14. The first completed script was for the episode “Homer’s Odyssey”.
  15. Homer’s middle name is Jay, Marge’s is Jacqueline, Bart’s is JoJo, Lisa’s is Marie, and Maggie’s is Evelyn.
  16. It took composer Danny Elfman two days to compose the opening theme.
  17. The couch gags shown in the introductions are a trick used to make the show longer or shorter.
  18. While to all of us Homer certainly says “d’oh!”, in the scripts it is always written as “annoyed grunt”.
  19. It takes 6 months to make a single episode of The Simpsons.
  20. Homer, being Homer, once had a theory that the universe might be shaped like a donut. It seemed silly back then, but scientists today claim the theory has some validity in that the universe may be shaped like a three-dimensional torus, in other words, a donut.
  21. A child that was Bart’s age when The Simpsons first aired would be around the same age as Homer today.
  22. Former First Lady Barbara Bush criticized the show, calling it dumb. A letter written by Marge was sent to the White House, which was so heartfelt it prompted Mrs. Bush to write an apology in reply.
  23. The reason behind the name of the town of Springfield, was that there are many towns named Springfield in the US, keeping the true location vague.
  24. According to a map shown in an episode, Springfield is shaped much like medieval Constantinople.
  25. Mr. Burns’ assistant, Mr. Smithers, was originally drawn black (with dark skin). He was changed to being white (yellow skin) after animators feared the controversy that would surround a subservient black character working for a white (or yellow) man.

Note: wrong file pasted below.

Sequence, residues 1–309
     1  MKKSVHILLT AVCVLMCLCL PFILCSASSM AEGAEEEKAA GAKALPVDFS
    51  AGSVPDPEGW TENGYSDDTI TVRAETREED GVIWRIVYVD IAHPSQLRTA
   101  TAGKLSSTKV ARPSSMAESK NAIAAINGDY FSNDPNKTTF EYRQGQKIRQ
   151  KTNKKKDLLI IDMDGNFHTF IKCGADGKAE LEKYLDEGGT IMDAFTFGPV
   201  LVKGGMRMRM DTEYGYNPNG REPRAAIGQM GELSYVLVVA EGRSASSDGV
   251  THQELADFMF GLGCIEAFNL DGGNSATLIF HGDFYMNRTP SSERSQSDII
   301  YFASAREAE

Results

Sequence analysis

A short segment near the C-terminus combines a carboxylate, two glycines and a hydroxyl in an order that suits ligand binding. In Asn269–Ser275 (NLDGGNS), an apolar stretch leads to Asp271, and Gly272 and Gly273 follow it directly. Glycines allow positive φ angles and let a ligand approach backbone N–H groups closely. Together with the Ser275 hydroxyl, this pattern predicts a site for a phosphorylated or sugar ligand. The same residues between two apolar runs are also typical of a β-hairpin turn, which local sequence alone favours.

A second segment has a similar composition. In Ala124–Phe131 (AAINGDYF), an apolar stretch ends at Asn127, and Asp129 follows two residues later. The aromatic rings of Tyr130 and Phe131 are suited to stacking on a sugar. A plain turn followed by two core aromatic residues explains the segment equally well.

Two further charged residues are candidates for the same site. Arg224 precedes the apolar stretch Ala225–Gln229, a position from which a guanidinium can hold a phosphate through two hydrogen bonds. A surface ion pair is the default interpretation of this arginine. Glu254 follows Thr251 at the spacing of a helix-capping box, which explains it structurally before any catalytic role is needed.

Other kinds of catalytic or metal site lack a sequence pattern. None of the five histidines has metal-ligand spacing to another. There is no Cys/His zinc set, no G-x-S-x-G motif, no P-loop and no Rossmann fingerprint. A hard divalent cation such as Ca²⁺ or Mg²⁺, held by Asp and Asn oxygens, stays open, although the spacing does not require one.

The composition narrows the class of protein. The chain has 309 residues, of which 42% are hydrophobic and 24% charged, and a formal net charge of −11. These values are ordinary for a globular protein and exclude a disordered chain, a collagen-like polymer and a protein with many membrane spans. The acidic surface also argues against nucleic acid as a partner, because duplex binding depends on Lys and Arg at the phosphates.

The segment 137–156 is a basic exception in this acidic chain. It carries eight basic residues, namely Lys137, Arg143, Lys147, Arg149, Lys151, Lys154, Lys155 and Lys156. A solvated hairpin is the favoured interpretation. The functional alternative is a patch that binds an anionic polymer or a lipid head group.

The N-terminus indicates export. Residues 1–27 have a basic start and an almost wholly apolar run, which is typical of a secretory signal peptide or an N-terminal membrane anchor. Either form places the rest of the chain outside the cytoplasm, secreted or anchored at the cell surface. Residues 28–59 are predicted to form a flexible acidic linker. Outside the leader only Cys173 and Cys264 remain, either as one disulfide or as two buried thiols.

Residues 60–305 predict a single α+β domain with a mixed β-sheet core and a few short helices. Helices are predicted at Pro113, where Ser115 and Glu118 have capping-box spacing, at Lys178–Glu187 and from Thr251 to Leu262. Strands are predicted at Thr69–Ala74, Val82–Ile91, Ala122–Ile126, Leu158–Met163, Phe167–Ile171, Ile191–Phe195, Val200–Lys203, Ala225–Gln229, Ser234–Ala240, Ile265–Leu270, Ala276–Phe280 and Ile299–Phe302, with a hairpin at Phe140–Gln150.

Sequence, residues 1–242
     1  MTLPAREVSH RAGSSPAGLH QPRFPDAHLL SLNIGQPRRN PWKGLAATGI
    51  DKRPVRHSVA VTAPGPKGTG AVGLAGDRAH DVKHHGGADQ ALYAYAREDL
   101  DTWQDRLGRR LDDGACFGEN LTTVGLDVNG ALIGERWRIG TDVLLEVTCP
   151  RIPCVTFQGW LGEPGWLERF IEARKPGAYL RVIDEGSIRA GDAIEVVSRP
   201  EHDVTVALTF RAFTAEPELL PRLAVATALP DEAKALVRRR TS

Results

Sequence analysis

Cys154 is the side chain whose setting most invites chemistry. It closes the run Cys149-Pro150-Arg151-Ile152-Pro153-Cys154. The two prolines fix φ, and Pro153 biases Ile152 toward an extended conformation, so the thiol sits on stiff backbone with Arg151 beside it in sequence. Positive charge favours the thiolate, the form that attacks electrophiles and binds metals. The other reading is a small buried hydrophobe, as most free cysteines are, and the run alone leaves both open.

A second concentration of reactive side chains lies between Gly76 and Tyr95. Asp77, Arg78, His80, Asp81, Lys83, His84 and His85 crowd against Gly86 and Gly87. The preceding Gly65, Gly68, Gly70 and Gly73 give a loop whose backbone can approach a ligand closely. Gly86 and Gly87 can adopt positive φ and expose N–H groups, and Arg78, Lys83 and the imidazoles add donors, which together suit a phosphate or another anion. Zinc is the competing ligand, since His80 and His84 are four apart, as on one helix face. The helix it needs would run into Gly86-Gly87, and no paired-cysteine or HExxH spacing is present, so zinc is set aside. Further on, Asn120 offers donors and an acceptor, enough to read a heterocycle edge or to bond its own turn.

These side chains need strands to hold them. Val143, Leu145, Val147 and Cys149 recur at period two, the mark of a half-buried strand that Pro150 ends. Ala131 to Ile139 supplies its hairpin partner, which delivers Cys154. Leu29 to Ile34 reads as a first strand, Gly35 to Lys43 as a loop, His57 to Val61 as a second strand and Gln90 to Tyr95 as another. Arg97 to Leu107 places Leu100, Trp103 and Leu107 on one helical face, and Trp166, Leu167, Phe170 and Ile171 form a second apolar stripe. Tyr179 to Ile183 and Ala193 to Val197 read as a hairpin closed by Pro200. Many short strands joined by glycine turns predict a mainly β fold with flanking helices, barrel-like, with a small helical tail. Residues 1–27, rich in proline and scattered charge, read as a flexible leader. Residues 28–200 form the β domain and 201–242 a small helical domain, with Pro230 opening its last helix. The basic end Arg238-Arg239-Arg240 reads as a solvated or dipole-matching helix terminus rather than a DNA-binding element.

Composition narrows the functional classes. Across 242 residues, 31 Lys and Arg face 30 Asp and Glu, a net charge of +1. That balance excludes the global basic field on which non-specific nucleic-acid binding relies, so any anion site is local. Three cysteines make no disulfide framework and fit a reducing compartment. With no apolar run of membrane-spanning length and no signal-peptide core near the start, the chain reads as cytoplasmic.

26. There have been more celebrity appearances than episodes of The Simpsons to date.
  27. Homer is the only character to have dialogue in every episode.
  28. The writers made Moe the bartender’s last name Szyslak only so he could be a suspect in the two-parter episode “Who Shot Mr. Burns?”, as all the suspects either had the initials M. S. or W. S.
  29. In the early 90s, school officials banned t-shirts with Bart on them, fearing that he was a bad role model.
  30. Maggie’s pacifier-sucking noise is created by Matt Groening himself.


However famous the show is, having continued for 30 years and 28 seasons the quality has gone down considerably according to many fans, including Ryan McMullen who says, “Although the earlier seasons were great, the show, to me, went downhill sometime after the movie.” The Simpsons movie, which premiered in 2007, may be one of the reasons for the show’s declining quality.
Although the show may have lost its touch over the years, The Simpsons continues to be a strong influence on our society and is culturally impactful. Almost every American can recite some lines from the show, and has their favorite episodes as well. Whether you are a fan of the show or not, it is clear that The Simpsons will never truly die out as a phenomenon.


Photo Courtesy: Wikimedia Commons